Passage: James 3:13-4:10
Guide for Group Discussion or Personal Reflection
Though we live in a culture that often encourages us to focus on ourselves, this Coronavirus challenge calls for a community of people who find their greatest gain in giving themselves away for the common good. In order to be a people like this, we need to be governed by a certain kind of wisdom, which James describes in this passage. James first describes the essence of this wisdom by contrasting it with false wisdom. True wisdom comes down from above, and is characterized by meekness—a self-giving, others-focused orientation of heart. False wisdom, on the other hand, is earthly and natural, and is characterized by selfish ambition. False wisdom ultimately leads to breakdown in a community because of its self-focus, whereas true wisdom, because of its self-giving nature, leads to a “harvest” of righteous acts for the good of the whole community. To get this “true wisdom” in our lives, we need change at the heart level. This change only happens when our hearts are won over by the beauty of the God who gains everything by gives himself away for us, “giving us more grace” even in the midst of our spiritual adultery.
- The Essence of This Wisdom (3:13-17)
- The Effect of This Wisdom (3:16; 3:18-4:3)
- How to Get This Wisdom (4:4-10)
Group Discussion & Personal Reflection Guide
Re-read the passage (James 3:13-4:10)
The Essence of This Wisdom (3:13-17)
Q) In the introduction, Ben mentioned that our culture encourages a self-focus (e.g., “self-love”, “self-help”, “self-improvement”, etc). Can you think of more examples of our culture’s self-focus? Is self-focus always a bad thing? Why or why not?
Q) In verse 15, James says that the wisdom characterized by bitter jealousy and selfish ambition is “earthly, unspiritual (lit. “natural”), and demonic”. First, why does it matter that this kind of wisdom comes naturally to us? And secondly, if it comes naturally to us, why is called “demonic”?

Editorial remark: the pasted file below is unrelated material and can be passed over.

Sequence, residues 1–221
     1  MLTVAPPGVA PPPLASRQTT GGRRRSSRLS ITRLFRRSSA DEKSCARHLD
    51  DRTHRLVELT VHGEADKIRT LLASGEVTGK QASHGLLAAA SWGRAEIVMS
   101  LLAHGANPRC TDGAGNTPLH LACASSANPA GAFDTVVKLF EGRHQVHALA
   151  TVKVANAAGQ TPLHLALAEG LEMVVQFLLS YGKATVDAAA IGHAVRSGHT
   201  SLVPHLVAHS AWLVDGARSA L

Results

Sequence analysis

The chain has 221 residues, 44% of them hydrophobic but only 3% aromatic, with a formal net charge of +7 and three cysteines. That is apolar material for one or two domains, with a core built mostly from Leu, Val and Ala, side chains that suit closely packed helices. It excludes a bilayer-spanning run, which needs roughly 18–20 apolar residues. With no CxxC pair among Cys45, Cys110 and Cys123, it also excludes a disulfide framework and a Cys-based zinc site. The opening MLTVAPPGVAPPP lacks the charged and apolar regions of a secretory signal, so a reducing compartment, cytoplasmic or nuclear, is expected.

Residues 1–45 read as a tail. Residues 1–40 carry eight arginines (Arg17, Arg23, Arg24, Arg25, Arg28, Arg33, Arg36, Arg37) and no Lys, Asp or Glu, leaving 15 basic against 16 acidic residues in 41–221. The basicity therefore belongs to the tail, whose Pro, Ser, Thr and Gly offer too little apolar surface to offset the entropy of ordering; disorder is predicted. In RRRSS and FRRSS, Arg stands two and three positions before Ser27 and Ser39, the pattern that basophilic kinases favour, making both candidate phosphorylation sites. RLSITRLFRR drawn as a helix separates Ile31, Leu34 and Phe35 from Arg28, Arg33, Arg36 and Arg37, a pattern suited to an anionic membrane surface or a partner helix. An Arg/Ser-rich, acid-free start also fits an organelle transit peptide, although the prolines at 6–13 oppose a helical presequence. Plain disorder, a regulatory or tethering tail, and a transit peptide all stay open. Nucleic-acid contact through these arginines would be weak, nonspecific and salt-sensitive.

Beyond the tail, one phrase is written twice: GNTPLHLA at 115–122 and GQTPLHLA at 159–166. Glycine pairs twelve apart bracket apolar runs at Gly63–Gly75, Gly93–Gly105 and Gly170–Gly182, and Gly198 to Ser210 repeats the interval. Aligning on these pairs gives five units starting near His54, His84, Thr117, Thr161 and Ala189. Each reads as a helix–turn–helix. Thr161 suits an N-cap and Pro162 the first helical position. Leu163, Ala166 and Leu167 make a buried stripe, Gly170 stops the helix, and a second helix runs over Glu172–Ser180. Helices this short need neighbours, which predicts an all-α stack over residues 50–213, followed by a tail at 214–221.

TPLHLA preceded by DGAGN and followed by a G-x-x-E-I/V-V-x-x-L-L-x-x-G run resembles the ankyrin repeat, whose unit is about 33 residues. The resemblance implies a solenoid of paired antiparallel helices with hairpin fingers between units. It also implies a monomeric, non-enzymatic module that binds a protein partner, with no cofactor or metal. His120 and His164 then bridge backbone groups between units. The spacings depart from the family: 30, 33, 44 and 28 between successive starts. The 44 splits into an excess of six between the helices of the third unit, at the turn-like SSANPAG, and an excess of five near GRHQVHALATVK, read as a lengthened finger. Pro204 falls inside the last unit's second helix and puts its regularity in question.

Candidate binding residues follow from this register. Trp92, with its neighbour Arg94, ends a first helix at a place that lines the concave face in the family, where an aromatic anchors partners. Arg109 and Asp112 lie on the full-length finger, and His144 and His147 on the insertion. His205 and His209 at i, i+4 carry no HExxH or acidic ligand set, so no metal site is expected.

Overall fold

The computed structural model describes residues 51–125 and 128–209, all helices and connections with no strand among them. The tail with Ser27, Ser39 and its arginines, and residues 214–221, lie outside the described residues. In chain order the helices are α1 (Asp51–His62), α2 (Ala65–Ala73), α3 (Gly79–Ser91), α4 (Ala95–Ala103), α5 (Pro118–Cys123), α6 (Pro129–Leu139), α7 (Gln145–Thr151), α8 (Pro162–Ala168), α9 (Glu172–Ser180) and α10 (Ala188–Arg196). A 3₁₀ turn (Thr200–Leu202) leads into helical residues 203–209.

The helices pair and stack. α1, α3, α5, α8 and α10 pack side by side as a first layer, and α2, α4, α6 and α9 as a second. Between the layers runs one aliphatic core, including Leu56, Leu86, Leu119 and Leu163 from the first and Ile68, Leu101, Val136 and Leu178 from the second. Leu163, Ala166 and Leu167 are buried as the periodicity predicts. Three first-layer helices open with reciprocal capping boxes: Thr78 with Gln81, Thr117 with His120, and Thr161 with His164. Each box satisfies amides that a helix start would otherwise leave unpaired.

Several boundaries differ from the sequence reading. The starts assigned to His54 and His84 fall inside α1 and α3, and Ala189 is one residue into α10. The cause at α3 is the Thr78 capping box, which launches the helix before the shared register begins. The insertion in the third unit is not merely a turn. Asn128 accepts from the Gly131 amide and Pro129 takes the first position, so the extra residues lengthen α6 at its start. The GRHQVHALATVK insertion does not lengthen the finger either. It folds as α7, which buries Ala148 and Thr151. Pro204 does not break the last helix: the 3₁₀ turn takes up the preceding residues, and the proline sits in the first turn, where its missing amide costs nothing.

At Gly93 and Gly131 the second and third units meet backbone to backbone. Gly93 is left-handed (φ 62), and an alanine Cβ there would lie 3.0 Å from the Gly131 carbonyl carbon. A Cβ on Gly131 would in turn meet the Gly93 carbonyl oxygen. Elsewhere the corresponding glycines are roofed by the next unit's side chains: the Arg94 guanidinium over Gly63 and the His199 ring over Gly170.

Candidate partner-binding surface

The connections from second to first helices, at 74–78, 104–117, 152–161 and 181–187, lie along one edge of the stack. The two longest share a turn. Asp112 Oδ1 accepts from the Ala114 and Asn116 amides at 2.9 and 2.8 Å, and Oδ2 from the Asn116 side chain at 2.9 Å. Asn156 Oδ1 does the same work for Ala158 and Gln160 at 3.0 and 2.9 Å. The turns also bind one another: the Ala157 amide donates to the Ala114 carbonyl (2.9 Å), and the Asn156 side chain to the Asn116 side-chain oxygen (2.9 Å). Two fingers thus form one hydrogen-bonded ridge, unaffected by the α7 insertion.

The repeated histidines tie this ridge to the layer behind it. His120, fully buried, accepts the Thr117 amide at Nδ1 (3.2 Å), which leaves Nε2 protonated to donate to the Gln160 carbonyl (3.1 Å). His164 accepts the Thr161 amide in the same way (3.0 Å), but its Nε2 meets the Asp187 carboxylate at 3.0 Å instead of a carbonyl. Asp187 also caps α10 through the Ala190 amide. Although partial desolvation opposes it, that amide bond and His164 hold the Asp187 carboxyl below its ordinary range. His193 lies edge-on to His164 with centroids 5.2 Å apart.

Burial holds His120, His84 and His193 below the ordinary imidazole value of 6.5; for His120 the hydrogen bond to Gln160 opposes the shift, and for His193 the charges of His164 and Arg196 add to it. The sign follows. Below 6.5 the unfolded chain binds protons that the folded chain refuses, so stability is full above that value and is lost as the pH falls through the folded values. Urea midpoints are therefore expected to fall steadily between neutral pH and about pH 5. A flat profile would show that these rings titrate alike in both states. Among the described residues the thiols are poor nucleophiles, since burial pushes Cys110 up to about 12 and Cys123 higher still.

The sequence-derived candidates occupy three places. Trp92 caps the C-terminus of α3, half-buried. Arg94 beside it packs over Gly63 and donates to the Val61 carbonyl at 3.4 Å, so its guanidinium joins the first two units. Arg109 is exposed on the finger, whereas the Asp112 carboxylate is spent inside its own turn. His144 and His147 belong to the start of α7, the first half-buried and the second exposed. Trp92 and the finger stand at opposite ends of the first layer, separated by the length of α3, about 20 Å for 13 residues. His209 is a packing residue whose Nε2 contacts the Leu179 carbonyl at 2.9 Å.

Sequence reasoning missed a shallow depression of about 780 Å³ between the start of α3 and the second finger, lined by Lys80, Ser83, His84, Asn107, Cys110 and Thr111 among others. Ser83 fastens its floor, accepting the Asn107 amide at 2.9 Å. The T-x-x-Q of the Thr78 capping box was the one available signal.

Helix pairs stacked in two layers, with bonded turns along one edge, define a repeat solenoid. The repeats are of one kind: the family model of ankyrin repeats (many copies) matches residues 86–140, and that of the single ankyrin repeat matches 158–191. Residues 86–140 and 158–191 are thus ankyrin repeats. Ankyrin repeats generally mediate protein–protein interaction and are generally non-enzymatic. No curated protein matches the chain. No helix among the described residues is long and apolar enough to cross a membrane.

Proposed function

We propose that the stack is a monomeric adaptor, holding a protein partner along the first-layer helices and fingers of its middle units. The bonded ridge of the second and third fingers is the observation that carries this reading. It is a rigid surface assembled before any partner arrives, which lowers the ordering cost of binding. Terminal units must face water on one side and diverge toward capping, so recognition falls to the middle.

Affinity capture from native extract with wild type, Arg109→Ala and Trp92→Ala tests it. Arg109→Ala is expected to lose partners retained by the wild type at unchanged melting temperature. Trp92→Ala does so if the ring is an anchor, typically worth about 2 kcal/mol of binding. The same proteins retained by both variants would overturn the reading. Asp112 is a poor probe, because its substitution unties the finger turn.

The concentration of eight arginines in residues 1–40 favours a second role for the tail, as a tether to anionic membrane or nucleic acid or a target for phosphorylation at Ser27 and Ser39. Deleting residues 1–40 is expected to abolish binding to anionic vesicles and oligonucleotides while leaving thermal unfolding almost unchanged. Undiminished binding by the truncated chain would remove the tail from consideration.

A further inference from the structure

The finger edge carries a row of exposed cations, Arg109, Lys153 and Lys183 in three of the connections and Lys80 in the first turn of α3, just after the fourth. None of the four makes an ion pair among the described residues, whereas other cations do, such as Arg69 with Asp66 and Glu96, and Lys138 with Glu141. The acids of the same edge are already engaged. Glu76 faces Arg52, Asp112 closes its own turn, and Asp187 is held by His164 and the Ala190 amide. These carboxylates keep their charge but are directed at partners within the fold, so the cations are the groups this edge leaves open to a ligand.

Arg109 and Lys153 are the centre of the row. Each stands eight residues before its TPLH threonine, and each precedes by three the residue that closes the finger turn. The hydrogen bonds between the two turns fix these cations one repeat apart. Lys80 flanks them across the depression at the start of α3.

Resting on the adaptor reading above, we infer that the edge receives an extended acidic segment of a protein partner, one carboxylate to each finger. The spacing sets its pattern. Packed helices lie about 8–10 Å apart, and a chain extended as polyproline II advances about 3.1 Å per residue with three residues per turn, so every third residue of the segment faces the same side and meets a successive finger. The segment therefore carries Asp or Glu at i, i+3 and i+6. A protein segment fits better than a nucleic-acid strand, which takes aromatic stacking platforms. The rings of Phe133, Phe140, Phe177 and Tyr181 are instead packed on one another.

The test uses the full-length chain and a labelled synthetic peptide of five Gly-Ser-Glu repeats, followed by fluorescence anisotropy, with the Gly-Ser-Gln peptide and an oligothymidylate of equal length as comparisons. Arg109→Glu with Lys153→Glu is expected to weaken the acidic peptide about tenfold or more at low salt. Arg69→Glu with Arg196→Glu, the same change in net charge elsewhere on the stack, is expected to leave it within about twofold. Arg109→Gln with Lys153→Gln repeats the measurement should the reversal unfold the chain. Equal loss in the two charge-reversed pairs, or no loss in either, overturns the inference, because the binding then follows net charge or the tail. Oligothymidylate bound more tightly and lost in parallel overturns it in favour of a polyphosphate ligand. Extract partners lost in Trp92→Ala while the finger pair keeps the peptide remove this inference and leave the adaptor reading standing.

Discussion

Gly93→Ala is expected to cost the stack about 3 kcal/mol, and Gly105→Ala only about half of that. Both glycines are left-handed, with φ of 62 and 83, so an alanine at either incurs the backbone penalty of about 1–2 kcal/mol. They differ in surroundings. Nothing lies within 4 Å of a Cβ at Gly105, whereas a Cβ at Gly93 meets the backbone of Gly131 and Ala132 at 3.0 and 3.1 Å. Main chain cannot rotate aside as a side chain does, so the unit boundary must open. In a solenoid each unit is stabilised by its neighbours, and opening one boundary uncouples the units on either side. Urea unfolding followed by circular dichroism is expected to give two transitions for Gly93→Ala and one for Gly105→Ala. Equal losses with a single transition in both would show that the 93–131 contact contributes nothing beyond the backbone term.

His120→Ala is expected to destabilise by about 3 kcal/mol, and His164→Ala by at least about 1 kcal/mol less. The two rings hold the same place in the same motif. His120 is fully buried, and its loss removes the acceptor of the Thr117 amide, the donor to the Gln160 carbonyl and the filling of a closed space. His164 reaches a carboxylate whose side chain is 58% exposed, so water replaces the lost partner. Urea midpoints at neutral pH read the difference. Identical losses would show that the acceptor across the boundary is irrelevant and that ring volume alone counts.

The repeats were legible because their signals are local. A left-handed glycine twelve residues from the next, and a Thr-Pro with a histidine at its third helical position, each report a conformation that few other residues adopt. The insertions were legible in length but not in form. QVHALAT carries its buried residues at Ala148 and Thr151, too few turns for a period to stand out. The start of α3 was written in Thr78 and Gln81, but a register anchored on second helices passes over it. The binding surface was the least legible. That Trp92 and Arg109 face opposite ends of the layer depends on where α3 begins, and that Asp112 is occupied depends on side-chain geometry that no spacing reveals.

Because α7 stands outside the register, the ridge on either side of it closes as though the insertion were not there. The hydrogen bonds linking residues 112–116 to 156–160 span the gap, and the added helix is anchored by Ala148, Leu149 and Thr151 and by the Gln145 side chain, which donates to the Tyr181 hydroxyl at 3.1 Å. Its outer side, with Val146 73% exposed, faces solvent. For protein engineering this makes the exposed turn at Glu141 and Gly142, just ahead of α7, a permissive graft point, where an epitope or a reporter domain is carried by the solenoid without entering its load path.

Q) In verses 13 and 17, James says that true wisdom “comes down from above”. What does he mean by this, and how does this influence the way we go about seeking this wisdom?
Q) In verse 17, James says that the wisdom that comes down from above is “first pure, then peaceable, gentle, open to reason, full of mercy and good fruits, impartial and sincere”. Which of these characteristics of the wisdom that comes down from above is the most attractive to you and why? How does a focus on oneself make it hard to bear this kind of fruit?
Q) James teaches that the wisdom we’re governed by will become apparent by our “conduct”. How has this Coronavirus trial been revealing to you the wisdom that governs your life? (give a specific example if possible).
The Effect of This Wisdom (3:16; 3:18-4:3)
Q) In James 3:16, and 4:1-3, James highlights some of the effects that self-focus can have on a community (note: the leader can list off some of these effects)…Where have you experienced an individual’s self-focus leading to breakdown among a group of people—whether a relationship, family, a church, a whole community, etc?
Q) When have you experienced a self-giving orientation leading to flourishing in a community?
How To Get This Wisdom (4:4-10)
Q) Ben said that coming to be governed by “true wisdom” requires a change at a heart level. Why do you think this is?
Q) God is the ultimate example of gaining all, by giving everything away. In what sense does God himself “gain by giving?” How does worshipping this God make us self-giving people, without making us moralistic or self-righteous about it?
Additional Application Questions
Q) How else would you like to engage with God this week?
Q) How can you tangible care for those in your community this week, both inside and outside of the church?
Spend time praying for yourselves, our church community, the North Shore community, and our nation and world—particularly those most vulnerable.